New

Flat as a Pancake



Don’t look down is good advice. Presumably because the adviser wouldn’t say it unless there is reasonable cause. So I bridle a little when I do look down, having not been warned otherwise. Anyway who wouldn’t take just a little peek? I am curious.

My right breast is clamped into a mammogram machine. The radiographer, who sees hundreds of squashed tits every year may not be impressed, but I am. And mortified. My breast is a flat, thin, white disc the shape of a supersized plate in a cheap diner.

The psychological pain of seeing myself, really seeing the size of my bosom is more acute than the physical discomfort.

Am I really so monstrous? And is it safe to inflict such torture on my poor innocent flesh? Tissue that was only minutes before joggling unaware along the road to the mobile breast screening van.

I had heard the horror stories of course, mainly from my less amply endowed friends. Tales of crushing and squashing which caused weeping, bruising and the taking of painkillers, before and after. But I had never heard anyone speak of the grief of seeing one of the twins leering up at you like bloodless road-kill.

Then I wonder. What if the radiographer should drop dead while at the controls and I am left pinned like an insect on a dissecting board? Would my cries for help be heard? Would the bombardment of my boob be stopped before it blackened like an overcooked pizza?

I have made a fatal error and pray this busty flight doesn’t crash. The business of relaxing. Ha! Leaning forward, positioning shoulder and neck just so, has made me quite forget the First Law of Travel - always note the exit.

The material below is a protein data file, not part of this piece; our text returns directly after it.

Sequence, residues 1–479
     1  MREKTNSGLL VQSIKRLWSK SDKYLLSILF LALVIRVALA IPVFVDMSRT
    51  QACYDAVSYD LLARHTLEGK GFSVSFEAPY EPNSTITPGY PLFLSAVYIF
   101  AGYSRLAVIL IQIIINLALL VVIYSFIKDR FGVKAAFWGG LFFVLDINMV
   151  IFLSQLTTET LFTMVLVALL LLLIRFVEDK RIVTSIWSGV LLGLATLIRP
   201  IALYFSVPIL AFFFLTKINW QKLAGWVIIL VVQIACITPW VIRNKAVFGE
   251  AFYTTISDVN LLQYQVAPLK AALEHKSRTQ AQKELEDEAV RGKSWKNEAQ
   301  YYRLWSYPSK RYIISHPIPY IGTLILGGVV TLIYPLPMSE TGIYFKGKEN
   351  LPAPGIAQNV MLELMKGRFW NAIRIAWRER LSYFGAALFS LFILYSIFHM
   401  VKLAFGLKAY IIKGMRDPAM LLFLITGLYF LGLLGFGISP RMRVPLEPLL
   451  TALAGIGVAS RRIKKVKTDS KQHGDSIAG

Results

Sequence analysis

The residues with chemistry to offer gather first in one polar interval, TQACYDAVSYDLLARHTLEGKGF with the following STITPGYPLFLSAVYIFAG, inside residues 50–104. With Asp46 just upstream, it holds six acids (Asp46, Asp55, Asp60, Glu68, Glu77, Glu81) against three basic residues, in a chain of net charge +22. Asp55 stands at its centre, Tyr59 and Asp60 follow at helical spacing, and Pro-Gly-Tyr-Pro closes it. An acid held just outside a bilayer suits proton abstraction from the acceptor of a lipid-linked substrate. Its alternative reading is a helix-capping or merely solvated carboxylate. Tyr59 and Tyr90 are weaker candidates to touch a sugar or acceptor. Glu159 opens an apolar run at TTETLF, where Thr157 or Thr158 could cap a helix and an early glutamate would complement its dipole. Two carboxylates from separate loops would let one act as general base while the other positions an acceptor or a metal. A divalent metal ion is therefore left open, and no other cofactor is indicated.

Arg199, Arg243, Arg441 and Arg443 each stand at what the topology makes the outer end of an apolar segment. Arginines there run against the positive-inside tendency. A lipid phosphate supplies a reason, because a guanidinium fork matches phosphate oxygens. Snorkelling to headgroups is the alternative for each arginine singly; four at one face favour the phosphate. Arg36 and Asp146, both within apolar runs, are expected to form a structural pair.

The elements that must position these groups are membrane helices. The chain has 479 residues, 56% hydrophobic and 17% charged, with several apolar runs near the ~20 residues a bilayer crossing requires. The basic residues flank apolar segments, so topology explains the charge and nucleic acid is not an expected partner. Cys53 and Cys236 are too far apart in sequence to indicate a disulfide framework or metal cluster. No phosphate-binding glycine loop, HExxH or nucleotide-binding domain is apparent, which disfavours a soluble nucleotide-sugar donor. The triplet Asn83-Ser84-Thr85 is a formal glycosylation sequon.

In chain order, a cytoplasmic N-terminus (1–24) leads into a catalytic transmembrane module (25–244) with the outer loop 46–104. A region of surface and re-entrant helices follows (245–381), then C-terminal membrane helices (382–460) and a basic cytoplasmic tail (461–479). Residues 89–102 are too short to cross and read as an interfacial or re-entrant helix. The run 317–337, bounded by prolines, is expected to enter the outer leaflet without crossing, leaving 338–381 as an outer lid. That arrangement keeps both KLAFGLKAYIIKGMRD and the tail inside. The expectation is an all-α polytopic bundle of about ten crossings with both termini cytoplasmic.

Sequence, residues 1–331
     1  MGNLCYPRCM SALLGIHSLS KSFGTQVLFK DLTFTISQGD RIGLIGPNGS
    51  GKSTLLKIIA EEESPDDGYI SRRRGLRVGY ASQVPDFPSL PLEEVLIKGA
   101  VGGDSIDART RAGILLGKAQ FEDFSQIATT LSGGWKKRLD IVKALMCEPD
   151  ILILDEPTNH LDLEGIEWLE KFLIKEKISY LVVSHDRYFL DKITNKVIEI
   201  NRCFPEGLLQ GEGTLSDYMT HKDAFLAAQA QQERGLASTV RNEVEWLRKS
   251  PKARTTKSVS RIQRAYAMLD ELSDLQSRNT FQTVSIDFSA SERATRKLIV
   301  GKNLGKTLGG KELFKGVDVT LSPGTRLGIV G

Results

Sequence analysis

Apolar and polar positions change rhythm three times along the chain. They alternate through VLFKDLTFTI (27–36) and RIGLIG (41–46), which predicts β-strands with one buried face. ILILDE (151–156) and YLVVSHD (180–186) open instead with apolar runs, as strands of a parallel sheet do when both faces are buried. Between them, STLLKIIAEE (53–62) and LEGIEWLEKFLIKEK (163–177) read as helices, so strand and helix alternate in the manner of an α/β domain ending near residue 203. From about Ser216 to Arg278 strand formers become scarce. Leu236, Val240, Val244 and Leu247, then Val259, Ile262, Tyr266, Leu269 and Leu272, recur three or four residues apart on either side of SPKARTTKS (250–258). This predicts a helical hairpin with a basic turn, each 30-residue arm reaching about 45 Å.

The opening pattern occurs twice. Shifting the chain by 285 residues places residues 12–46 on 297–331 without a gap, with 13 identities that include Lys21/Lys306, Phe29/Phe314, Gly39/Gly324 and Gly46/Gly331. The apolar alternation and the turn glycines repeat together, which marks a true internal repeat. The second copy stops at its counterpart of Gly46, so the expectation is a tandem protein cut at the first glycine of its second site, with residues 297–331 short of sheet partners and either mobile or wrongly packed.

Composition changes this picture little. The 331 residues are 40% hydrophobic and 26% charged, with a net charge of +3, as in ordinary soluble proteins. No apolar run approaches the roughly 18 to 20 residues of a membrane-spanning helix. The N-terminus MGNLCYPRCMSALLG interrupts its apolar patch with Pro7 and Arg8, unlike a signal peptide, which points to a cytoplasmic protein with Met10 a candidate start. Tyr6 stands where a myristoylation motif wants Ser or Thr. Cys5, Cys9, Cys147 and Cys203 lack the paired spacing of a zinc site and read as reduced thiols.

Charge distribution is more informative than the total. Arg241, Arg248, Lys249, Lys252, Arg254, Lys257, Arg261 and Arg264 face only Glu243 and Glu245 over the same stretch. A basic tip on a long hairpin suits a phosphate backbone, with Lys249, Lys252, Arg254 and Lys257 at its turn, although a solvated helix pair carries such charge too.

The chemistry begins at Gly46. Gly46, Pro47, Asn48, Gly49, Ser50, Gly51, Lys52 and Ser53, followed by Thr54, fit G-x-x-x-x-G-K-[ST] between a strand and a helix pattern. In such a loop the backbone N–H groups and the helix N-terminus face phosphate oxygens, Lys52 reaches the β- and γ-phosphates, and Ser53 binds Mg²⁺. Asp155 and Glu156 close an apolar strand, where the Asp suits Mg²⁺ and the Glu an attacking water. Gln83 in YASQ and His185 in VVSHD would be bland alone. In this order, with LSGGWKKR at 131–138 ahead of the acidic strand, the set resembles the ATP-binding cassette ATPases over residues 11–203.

As my second plate cooks I also realise, while wincing, that I had planned to go bra shopping this afternoon as a treat for my poor ravaged tits. But where am I to find a garment to fit flattened frisbees? And if I managed to find a corsetier who specialised in such brassieres would I then ever again be able to reach the steering wheel?

I wobble into the changing room. When I emerge into the waiting room two other victims are waiting. One is big like me. The other, flat as a pancake, but that phrase doesn’t seem to hold the same meaning anymore.

This story was written by Jane Swan, who lives on the east coast of the South Island of New Zealand. She writes flash fiction and short stories and is the newsletter editor for her local writing group. Jane likes walking on the beach to fight the effects of eating too much chocolate. It doesn't work.
« PREV
(comics, stories, and videos)

NEXT »
(comics, stories, and videos)

No comments

Post a Comment